Egyptian police question, release son of jailed ex-president
CAIRO (AP) — Egyptian authorities detained the youngest son of jailed former President Mohammed Morsi on Wednesday for questioning on charges of spreading “fake news,” then released him on bail.
State security men and a special forces officer took Abdullah Morsi at dawn along with his ID and mobile phone from the family house outside Cairo, his brother Ahmed said. The brother later confirmed that Abdullah Morsi had been released, but said the phone wasn’t returned. Neither of the two responded to further requests for comment.
Attorney General Nabil Sadek issued a brief statement late Wednesday ordering the release on bail of 5,000 Egyptian pounds ($280) on the charges after questioning by Egypt’s Supreme State Security Prosecution.
Abdullah Morsi told The Associated Press in an interview last week that he would be pressing a campaign to seek more visitation rights and better health care for his ailing father, who has been held in solitary confinement since he was overthrown in 2013 by the army, which was led then by current President Abdel-Fattah el-Sissi.
Abdullah Morsi, a 25-year-old business student, has been waiting outside Cairo’s notorious Tora prison for hours once a month to leave money for food and necessities for his father, hoping for a chance to see him. But almost every time for five years he has been denied.
The family says it has seen the former president only three times since his arrest, and all in prison visits closely monitored by police officers.
The family says the 67-year-old Morsi is suffering from diabetes and high blood pressure that have been exacerbated by harsh conditions, including sleeping on the floor and years of isolation. Relatives say that at times he has been in a diabetic coma.
Abdullah Morsi said his father has “no idea what’s going on in the country since he was arrested, they don’t allow him newspapers,” any access to news, or even a pen to write with.
With Morsi’s Muslim Brotherhood Islamist group banned and branded a terrorist organization, and the family banned from travel, a campaign to improve Morsi’s conditions has been run from London, where several prominent British politicians have backed it.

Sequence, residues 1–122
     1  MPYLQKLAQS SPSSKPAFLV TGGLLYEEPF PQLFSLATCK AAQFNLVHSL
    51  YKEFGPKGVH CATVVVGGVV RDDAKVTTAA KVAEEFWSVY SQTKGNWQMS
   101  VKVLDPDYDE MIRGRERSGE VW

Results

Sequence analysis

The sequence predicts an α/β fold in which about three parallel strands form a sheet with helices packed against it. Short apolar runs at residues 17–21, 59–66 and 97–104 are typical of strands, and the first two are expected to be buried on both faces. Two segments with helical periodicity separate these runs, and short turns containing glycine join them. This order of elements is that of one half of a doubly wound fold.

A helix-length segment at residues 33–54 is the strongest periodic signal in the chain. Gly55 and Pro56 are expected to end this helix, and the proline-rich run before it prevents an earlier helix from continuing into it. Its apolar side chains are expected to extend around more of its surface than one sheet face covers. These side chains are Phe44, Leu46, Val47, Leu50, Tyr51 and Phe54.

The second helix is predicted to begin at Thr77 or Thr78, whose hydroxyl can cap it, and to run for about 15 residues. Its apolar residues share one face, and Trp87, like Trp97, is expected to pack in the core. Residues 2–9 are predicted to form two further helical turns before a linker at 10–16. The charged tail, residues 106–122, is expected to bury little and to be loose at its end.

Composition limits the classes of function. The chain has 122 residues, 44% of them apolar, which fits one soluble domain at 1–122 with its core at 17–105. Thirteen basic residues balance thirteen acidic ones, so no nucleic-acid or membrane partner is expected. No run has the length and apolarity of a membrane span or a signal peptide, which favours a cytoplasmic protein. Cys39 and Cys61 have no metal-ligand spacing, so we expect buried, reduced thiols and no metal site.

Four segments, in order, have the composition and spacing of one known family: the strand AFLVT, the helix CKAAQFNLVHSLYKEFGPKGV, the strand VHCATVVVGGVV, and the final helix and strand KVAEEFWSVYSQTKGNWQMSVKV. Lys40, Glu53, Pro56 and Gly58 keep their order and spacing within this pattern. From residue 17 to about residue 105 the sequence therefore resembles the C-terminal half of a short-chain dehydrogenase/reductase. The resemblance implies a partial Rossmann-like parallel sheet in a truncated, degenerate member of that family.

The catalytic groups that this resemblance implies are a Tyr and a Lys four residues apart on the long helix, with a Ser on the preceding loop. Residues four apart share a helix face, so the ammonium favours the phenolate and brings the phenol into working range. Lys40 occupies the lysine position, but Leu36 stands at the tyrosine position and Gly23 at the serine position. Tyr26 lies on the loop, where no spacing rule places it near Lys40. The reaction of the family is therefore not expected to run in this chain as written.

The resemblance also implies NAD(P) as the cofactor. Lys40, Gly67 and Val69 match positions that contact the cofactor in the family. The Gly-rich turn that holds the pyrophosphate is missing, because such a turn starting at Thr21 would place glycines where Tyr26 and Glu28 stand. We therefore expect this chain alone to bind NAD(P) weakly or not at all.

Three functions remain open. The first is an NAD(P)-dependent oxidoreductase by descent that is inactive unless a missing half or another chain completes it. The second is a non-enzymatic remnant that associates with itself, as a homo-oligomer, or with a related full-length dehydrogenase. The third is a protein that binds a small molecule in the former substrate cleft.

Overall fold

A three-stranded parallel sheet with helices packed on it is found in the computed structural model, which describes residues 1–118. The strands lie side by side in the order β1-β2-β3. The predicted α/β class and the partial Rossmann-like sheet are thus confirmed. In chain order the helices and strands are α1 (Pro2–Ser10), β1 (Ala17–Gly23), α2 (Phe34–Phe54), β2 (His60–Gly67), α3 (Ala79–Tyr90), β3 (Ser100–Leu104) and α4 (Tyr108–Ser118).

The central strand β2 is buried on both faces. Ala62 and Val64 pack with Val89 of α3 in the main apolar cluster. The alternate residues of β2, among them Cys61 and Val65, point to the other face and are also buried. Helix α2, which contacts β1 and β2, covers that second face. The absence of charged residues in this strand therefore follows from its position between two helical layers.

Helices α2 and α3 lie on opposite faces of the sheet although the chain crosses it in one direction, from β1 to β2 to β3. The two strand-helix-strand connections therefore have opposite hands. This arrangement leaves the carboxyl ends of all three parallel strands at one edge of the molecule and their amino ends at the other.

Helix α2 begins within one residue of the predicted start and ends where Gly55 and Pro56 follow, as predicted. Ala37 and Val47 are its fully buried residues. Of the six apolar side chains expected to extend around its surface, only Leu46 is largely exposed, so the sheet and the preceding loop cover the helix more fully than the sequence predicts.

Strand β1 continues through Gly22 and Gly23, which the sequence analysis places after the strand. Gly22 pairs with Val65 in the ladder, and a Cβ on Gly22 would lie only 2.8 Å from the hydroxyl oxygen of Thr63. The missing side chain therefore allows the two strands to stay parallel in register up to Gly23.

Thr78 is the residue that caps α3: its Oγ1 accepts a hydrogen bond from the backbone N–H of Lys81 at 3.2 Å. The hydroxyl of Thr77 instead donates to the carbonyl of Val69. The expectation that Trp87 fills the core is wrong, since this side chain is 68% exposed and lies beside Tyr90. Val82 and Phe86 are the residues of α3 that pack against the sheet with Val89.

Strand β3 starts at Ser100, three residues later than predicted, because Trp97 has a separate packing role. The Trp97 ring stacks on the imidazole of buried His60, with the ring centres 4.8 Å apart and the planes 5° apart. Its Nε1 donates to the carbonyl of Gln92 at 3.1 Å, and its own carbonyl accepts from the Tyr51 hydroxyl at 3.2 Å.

During his tumultuous year in office, Morsi’s opponents accused the Brotherhood of trying to use election victories to dominate the state. Morsi cracked down at times on protesters and used executive powers to force through policies, but he never managed to control the levers of power, facing opposition in the courts and among police.
In the end, his opponents organized mass demonstrations against his rule, and it was against this backdrop that el-Sissi overthrew him.
Since then, the government has largely crushed the Brotherhood with a heavy crackdown. Tens of thousands of Egyptians have been arrested since 2013, the vast majority of them accused of working with or for the group, says the U.S.-based Tahrir Institute for Middle East Policy.
Vaguely worded legislation in Egypt allows wide-ranging prosecution on accusations of “fake news.”
Authorities have over the past year blocked some 500 websites, including those of independent media and rights groups. Authorities have claimed such websites supported “terrorism” or reported “fake news.”
Egypt was ranked 161 out of 180 countries in the 2017 Press Freedom Index, according to Reporters Without Borders advocacy group.
Parliament has passed a bill targeting popular social media accounts that authorities accuse of publishing “fake news,” the latest move in a five-year-old drive to suppress dissent and silence independent sources of news.